EMA approve Comirnaty®and Spikevax booster doses
The EMA concludes that booster doses of the COVID-19 vaccines Comirnaty and Spikevax can be given to people with severely weakened immune systems.
The European Medicines Agency (EMA) has concluded that an extra dose of the COVID-19 vaccines Comrinaty® and Spikevax may be given to people with severely weakened immune systems, at least 28 days after their second dose.
The recommendation comes after studies showed that an extra dose of these vaccines increased the ability to produce antibodies against the virus that causes COVID-19 in organ transplant patients with weakened immune systems.
Although the EMA state that there is no direct evidence that the ability to produce antibodies in these patients protected against COVID-19, it is expected that the extra dose of Comirnaty or Spikevax would increase protection at least in some patients. EMA will continue monitoring any data that emerges on its effectiveness.
However, the EMA also emphasises that it is important to distinguish between the extra dose for people with weakened immune systems and booster doses for people with normal immune systems. For the latter, the EMA’s human medicines committee, CHMP, has evaluated data for Comirnaty showing a rise in antibody levels when a booster dose is given approximately six months after the second dose in people from 18 to 55 years old. On the basis of this data, the committee concluded that booster doses may be considered at least six months after the second dose for people aged 18 years and older.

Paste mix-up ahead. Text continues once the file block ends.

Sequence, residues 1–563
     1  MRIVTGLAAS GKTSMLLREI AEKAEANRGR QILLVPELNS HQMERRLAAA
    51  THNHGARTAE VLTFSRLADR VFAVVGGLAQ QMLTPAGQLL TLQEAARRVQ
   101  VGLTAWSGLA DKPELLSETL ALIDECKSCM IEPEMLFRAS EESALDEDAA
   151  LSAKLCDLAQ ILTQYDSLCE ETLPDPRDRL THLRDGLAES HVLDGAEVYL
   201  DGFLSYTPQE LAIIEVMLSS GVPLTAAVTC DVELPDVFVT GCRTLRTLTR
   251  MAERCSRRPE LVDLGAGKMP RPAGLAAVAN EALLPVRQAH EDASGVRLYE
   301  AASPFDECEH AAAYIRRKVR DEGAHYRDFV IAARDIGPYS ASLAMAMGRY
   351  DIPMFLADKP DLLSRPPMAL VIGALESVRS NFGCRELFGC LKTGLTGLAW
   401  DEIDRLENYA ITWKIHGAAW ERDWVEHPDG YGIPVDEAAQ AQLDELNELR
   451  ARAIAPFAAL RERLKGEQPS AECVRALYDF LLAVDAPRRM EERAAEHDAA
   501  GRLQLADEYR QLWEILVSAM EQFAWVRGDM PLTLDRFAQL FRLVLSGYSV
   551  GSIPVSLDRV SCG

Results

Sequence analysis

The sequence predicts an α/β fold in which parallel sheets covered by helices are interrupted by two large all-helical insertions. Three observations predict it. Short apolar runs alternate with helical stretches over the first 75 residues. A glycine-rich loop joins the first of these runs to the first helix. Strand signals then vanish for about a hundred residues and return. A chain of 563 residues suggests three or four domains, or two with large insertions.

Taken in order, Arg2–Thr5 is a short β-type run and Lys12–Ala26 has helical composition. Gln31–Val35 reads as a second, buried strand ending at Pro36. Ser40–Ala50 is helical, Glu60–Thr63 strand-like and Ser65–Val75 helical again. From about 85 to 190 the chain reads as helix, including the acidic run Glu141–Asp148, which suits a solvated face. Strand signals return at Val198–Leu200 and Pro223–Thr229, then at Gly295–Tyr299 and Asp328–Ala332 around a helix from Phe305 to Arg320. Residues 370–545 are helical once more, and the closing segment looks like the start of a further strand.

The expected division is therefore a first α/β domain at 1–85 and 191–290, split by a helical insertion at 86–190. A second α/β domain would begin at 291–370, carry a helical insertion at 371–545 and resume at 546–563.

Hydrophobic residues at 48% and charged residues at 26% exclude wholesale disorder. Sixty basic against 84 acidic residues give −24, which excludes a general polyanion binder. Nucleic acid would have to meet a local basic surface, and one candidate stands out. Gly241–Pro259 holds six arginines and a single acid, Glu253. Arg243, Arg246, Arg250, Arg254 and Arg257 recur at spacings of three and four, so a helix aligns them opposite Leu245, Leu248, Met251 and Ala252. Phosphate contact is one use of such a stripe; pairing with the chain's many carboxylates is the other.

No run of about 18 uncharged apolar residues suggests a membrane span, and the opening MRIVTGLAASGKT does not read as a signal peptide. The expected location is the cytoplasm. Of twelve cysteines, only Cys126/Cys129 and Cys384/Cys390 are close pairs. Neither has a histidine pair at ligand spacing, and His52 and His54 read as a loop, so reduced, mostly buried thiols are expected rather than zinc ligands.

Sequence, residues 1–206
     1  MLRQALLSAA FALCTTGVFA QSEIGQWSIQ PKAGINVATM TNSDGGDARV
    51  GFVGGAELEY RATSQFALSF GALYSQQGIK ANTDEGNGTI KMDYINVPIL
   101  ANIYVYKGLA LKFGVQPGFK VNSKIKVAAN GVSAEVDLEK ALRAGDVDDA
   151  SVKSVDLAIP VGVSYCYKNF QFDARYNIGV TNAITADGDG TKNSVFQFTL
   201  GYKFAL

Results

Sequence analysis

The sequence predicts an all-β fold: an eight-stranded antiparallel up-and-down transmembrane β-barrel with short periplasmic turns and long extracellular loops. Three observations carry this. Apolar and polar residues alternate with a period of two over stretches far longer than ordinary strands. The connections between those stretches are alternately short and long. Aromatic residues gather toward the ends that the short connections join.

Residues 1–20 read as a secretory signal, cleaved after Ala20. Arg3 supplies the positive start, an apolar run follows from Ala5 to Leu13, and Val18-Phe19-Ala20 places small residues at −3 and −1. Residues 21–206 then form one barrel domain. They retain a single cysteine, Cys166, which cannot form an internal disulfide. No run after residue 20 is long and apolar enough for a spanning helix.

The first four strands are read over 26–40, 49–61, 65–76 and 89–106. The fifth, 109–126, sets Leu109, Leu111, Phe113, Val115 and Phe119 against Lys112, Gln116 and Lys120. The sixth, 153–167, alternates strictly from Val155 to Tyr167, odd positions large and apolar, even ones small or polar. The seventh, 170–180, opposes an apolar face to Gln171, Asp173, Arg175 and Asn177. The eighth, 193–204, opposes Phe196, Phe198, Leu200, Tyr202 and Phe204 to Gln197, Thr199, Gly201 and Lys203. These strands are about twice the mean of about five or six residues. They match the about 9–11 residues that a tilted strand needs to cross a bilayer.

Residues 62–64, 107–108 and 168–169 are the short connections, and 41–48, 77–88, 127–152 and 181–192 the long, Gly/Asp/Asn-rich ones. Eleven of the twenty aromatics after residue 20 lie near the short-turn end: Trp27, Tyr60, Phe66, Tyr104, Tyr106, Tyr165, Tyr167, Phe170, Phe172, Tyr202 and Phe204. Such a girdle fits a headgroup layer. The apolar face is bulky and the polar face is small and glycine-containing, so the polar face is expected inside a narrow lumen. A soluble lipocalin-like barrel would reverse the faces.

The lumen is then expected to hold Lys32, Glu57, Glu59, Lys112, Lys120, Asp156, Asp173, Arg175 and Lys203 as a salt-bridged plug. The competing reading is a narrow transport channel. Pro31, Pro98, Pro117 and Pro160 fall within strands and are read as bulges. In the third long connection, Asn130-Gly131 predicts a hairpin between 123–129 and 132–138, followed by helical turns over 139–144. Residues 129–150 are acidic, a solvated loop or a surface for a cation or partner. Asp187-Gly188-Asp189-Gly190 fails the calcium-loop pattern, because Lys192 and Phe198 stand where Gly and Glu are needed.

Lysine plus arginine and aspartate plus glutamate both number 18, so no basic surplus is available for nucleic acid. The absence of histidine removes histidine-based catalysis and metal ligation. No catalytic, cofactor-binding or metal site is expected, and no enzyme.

At national level, public health bodies may issue official recommendations on the use of booster doses, taking into account emerging effectiveness data and the limited safety data. The risk of inflammatory heart conditions or other very rare side effects after a booster is not known and is being carefully monitored. As for all medicines, EMA will continue to look at all data on the safety and effectiveness of the vaccine.
The implementation of vaccination campaigns in the EU will remain the prerogative of the national immunisation technical advisory groups (NITAGs) guiding the vaccination campaigns in each EU Member State.